symbolism of the light in gothic cathedrals

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Linnea Archibald eNotes educator| Certified Educator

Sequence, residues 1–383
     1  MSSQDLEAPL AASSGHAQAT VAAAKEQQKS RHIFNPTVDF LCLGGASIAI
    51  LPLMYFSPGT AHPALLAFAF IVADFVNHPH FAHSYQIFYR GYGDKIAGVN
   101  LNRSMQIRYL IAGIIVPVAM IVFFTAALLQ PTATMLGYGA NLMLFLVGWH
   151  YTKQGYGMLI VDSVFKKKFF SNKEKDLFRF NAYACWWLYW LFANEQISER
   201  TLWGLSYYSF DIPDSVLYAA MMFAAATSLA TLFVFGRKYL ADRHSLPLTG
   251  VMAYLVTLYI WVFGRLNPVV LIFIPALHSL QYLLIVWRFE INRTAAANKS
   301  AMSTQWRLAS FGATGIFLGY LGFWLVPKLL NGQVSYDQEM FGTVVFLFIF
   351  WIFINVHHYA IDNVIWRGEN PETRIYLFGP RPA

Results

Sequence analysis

During the Romanesque period of architecture (just before the Gothic), cathedrals were often very dark because they could only put in small windows due to the weight of the stone and height of the cathedral. At the beginning of the Gothic period, the abbot of St. Denis, Suger (1081-1151), had an idea that the space of worship would have a shape that says something about the nature of God. This led to the darkness inside churches begin a big problem. Light has always been a principle of the divine image and it illuminates our way in the world. In the Gospel of John, Jesus calls himself "The Light of the World" (John 8:12). So, if the space for worship must reflect the nature of the God that is to be worshiped, then light is a very important aspect. In fact, it is the very nature of God himself. As far as the problem of the weight of the walls, the architects of the Gothic world found that a pointed arch was more stable, which allowed for bigger windows and higher ceilings. A couple good examples that epitomize the new focus on light are Amiens Cathedral, c. 1218-47, and La Sainte Chapelle, c. 1243-48. 

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